Peer review at the National Science Foundation normally judges the scientific merits of individual grant proposals. Meritorious projects are then assembled into a diverse portfolio of research that the agency funds. Just as with any sort of investment, the wisdom of the portfolio approach in making research grants resides in how it maximizes the rewards that come from a diverse range of open-ended inquiries.
As approved in a recent subcommittee markup, however, the proposed bill would require that each individual research grant be certified as serving the national interest, rather than leaving that determination at the portfolio level.
That proposed level of micromanagement is inappropriate, and goes hand-in-hand with the politically motivated Congressional cherry-picking that we have seen frequently in recent years. It has become great sport, through websites like the majority leader Eric I. Cantor’s YouCut, to fixate on exotic-sounding project titles, which appear on the surface to indicate little promise of a practical payoff.
For example, Representative Smith recently criticized the science agency for awarding grants to study how automobiles are marketed to consumers in China, a country of almost 1.5 billion people who are literally choking on their newfound consumer power. China is worth further study because it can provide detailed observations that gain us a better understanding of what fuels changing consumption. Such a study may also provide American industry with valuable information about business opportunities in China.
Another study he criticized is one focusing on 17th-century Peruvian legal papers. That work appears quite promising, as it aims to establish through empirical means a basis for determining how courts and the legal systems in different countries may have softened or accentuated the injuries and injustices perpetuated by legalized slavery. In a world where the balance of power between the legislative, executive, and judicial branches of government is quite different from country to country, historical studies can help us understand, in an impartial, empirical fashion, the impact that courts have had in setting social policy.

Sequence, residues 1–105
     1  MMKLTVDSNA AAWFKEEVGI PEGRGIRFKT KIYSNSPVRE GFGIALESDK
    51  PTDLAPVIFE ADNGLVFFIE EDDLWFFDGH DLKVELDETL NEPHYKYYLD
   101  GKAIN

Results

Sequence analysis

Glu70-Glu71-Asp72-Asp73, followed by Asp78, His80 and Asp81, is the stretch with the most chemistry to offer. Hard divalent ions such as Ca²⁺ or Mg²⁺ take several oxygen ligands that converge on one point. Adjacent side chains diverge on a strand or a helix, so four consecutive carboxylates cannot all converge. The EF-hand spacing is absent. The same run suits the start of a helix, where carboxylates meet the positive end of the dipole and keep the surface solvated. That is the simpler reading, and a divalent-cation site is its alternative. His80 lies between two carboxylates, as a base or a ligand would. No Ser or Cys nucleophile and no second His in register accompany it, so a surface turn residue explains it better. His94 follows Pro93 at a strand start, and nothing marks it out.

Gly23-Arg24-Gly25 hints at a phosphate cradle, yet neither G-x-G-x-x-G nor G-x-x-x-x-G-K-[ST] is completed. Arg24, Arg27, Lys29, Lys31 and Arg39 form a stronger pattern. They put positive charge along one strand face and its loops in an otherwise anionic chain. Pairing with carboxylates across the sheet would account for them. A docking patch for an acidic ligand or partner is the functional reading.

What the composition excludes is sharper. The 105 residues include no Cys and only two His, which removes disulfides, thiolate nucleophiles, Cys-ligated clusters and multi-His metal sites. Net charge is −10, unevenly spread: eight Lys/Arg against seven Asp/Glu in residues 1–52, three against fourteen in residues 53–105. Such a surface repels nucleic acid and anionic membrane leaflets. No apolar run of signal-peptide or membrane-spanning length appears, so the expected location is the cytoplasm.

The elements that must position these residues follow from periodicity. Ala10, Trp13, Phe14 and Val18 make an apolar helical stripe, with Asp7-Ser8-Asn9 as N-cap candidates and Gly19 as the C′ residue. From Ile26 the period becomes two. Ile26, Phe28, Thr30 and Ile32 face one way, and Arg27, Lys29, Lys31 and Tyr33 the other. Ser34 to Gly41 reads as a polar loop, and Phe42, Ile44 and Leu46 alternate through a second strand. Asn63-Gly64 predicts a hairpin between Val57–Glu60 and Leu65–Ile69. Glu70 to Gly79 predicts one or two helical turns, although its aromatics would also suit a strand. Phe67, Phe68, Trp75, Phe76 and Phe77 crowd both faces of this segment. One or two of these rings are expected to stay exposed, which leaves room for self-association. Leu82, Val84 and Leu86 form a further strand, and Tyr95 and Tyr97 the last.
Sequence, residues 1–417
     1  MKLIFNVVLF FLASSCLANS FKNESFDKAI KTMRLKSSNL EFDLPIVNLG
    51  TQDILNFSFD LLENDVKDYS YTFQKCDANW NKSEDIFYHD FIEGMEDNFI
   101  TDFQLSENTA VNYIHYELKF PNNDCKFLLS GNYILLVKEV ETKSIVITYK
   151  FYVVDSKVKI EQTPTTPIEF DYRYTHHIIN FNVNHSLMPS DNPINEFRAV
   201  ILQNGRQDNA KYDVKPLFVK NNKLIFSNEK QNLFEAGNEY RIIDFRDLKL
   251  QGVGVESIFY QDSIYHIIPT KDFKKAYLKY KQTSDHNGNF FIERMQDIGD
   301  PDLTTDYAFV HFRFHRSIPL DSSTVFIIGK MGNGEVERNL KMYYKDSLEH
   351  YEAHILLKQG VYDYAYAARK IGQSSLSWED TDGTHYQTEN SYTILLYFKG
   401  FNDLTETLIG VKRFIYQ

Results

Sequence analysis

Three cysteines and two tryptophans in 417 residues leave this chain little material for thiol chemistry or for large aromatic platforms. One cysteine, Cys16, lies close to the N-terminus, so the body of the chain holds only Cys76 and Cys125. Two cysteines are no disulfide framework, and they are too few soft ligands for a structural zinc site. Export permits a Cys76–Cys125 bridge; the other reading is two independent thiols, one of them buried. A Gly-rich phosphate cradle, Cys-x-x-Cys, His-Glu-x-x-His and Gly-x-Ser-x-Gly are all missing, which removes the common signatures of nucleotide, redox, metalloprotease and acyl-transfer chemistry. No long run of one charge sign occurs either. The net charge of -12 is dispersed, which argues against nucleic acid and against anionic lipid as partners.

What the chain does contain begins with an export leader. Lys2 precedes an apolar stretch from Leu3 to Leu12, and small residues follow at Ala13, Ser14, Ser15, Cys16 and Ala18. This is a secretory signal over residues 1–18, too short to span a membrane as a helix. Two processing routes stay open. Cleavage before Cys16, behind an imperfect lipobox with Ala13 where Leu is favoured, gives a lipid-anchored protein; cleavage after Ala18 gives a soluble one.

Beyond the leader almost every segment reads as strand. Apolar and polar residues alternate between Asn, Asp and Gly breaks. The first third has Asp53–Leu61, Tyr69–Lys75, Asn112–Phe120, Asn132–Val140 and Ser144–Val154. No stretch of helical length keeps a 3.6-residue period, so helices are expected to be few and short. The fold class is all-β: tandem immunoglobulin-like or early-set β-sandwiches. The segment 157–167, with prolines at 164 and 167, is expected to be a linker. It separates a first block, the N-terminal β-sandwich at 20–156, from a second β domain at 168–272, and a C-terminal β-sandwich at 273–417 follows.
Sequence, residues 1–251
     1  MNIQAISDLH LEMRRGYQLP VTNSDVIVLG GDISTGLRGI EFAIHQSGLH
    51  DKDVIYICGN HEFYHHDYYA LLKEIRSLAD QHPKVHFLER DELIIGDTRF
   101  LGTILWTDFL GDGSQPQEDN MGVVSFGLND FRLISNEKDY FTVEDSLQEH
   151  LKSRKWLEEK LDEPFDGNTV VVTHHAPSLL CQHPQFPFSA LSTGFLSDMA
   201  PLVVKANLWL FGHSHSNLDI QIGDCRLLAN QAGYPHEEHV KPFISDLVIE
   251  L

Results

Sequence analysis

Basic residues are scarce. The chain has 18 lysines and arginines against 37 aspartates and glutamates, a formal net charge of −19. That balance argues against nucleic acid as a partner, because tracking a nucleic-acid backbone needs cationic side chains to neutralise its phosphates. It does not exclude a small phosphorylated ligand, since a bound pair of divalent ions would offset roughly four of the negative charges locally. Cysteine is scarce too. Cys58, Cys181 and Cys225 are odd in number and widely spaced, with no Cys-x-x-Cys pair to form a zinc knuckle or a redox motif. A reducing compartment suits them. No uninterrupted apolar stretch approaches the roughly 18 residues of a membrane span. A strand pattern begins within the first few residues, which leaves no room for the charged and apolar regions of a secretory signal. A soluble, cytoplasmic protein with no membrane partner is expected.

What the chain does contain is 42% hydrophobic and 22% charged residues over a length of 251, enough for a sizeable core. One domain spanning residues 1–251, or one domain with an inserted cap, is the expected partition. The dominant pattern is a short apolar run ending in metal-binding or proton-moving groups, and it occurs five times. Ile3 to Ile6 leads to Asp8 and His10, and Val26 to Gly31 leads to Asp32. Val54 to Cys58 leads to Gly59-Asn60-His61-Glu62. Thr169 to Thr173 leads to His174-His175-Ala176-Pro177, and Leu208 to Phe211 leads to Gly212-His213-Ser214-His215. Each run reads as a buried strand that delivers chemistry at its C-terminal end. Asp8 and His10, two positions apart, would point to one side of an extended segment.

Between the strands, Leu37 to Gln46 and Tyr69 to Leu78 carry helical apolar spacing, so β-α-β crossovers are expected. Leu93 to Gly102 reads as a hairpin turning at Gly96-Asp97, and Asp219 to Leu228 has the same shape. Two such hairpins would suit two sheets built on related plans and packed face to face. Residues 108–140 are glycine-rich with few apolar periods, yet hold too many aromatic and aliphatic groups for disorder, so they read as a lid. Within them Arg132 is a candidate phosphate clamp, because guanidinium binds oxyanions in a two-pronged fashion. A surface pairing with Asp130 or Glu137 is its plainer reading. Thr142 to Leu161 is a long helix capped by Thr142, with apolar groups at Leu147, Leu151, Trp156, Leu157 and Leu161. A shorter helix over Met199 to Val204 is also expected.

It is unwise to assume that research projects, to be considered worthy of public support, must have a clear and direct path to a direct practical application. The path is usually indirect, building on the accumulation of insight, often drawn from a deep reservoir of knowledge available for discovery and innovative application in unexpected ways. Peer review takes those judgments about the return on scientific investment out of the realm of politics and places them where they belong, in the realm of advancing human understanding, so that such understanding can be applied to tackling the world’s most pressing problems.
The FIRST Act does not serve the public interest, either through its fiscal attack on social-science research or through its weakening of peer review. Anyone who has an interest in strengthening the nation’s social- and behavioral-research capacities should urge his or her member of Congress to do better when it comes to science and education.